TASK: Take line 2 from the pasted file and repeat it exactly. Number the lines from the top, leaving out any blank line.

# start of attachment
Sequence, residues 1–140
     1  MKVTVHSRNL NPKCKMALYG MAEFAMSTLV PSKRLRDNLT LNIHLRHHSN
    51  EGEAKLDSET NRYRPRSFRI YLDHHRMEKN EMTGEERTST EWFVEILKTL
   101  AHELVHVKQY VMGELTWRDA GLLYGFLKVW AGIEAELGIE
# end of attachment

     1  MKVTVHSRNL NPKCKMALYG MAEFAMSTLV PSKRLRDNLT LNIHLRHHSN